Mr. Mark said calls for soldiers to arrest, instead of killing, alleged terrorists do not always reflect reality
Senate president, David Mark, said on Wednesday that the nation’s military personnel, facing some of their most hazardous call-ups going after Boko Haram, retain their rights to defend themselves when needed, as the Senate opened an investigation into the killing of 10 squatters at Apo, Abuja.
Military authorities say the men, unskilled squatters who lived in an uncompleted building, were Boko Haram members who were shot dead after they attacked soldiers and state agents who raided the building for stashed cache of weapons.
Survivors and witnesses of the attack, as well as residents of the area, reject that claim. They accuse authorities of murdering unharmed men, and branding them terrorists.
The Senate and the House of Representatives are conducting separate investigations into the killings.
Amid the controversy, Mr. Mark said while the awaiting the outcome of the probe, Nigerians should bear in mind that soldiers are under some of the greatest risk battling Boko Haram, and need to be decisive and defend themselves if attacked.
“We must take a decision to tackle the issue of terrorism once and for all with all our hearts and all our minds. People must exercise patience with those boys and girls who are exposed outside there,” Mr. Mark said.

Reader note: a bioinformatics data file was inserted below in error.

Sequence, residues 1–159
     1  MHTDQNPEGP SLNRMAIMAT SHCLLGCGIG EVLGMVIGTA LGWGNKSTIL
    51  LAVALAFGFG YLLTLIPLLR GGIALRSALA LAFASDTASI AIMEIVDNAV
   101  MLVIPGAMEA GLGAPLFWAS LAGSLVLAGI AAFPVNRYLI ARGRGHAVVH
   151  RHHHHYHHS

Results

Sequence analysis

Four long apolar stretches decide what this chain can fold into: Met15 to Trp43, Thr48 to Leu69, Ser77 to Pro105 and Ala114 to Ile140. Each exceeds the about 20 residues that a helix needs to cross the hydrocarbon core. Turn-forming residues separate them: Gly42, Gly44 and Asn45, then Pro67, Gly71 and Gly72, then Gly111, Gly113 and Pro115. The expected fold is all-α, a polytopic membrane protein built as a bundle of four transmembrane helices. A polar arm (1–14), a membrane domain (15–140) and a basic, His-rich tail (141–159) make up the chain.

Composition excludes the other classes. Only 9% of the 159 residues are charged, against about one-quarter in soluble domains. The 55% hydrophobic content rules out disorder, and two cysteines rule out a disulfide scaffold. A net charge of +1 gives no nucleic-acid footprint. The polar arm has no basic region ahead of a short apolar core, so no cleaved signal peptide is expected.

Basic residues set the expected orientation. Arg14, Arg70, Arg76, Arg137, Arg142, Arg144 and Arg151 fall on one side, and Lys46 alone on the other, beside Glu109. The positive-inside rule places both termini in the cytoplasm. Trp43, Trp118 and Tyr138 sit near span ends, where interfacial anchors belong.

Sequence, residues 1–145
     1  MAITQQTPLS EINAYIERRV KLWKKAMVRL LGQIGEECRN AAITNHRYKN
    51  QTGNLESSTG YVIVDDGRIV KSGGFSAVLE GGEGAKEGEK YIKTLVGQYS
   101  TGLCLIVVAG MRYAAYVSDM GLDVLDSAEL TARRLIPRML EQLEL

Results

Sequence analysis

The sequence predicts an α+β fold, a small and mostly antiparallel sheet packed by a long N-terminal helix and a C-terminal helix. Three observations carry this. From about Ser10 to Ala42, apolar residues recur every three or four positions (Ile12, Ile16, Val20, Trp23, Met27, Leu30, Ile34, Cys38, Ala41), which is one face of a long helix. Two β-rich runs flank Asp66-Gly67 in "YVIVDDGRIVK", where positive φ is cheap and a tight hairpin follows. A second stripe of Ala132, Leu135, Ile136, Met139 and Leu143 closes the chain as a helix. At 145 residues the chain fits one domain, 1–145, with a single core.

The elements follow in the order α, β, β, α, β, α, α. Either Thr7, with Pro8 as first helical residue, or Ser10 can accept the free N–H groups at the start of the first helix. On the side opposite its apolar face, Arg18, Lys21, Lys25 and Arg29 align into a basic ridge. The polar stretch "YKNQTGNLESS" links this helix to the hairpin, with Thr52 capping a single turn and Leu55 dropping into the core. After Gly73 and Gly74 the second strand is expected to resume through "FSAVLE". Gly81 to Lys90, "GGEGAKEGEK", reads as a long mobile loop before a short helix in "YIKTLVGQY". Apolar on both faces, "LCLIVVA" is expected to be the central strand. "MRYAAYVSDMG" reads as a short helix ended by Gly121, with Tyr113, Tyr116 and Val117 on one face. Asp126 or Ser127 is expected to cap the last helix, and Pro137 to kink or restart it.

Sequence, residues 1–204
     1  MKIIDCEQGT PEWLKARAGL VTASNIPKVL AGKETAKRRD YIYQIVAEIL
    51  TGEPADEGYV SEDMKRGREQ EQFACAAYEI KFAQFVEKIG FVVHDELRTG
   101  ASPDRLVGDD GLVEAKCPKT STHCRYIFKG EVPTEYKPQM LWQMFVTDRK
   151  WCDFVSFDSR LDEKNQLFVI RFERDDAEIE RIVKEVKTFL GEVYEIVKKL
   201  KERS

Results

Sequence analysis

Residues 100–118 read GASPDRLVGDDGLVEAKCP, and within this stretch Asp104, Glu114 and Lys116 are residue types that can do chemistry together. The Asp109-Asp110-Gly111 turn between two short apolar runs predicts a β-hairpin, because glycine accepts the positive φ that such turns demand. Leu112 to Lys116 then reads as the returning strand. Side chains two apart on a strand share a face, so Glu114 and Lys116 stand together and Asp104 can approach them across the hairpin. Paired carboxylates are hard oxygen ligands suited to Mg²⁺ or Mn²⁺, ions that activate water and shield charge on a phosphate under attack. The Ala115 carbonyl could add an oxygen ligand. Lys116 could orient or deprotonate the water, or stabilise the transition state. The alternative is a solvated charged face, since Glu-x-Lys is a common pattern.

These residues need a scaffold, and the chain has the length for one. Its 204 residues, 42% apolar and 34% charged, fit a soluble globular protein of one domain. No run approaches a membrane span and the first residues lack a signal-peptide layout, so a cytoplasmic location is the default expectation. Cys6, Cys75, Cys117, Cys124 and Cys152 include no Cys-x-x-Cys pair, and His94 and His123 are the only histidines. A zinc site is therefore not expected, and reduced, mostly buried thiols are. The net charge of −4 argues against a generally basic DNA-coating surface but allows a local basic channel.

“I accept human rights alright, I have no problem with human right, but human rights must be for everybody. No group should have a right to kill and then another group cannot not even have a right to defend itself. I read on the pages of newspapers every day that if they are terrorists, they should not be killed they should be arrested and all sorts of things, they advance all sorts of reasons. But when you are out there on the field and you are confronted with the type of situation, it is a different ball game.”
The Senate hearing, as with the House’s, is to be conducted behind closed doors.
Declaring Wednesday’s sitting open, Mr. Mark called on witnesses of the attack to appear before the joint Senate committee headed by Mohammed Magoro. He assured witnesses of adequate protection.
“Before we engage in the blame game or rash conclusions, let us hear from all sides and let us be able to analyse all the stories we have heard, let us filter where the facts, because if we just go by the rumour, or of what we read, or by public opinion of individuals who have access to the media, we may not get the true stories. I urge that we exercise some form of restraints until we get all the facts that are available,” he said.
Those who attended Wednesday’s hearing were the National Security Adviser, Sambo Dasuki; Chief of Army Staff, Azubuike Ihejirika, Director of State Security Service, Ekpenyong Ita; a representative of the Inspector General of Police, Mohammed Abubakar; Commandant of Civil Defense Corps and Director General of Human Rights Commission, Chidi Odinkalu.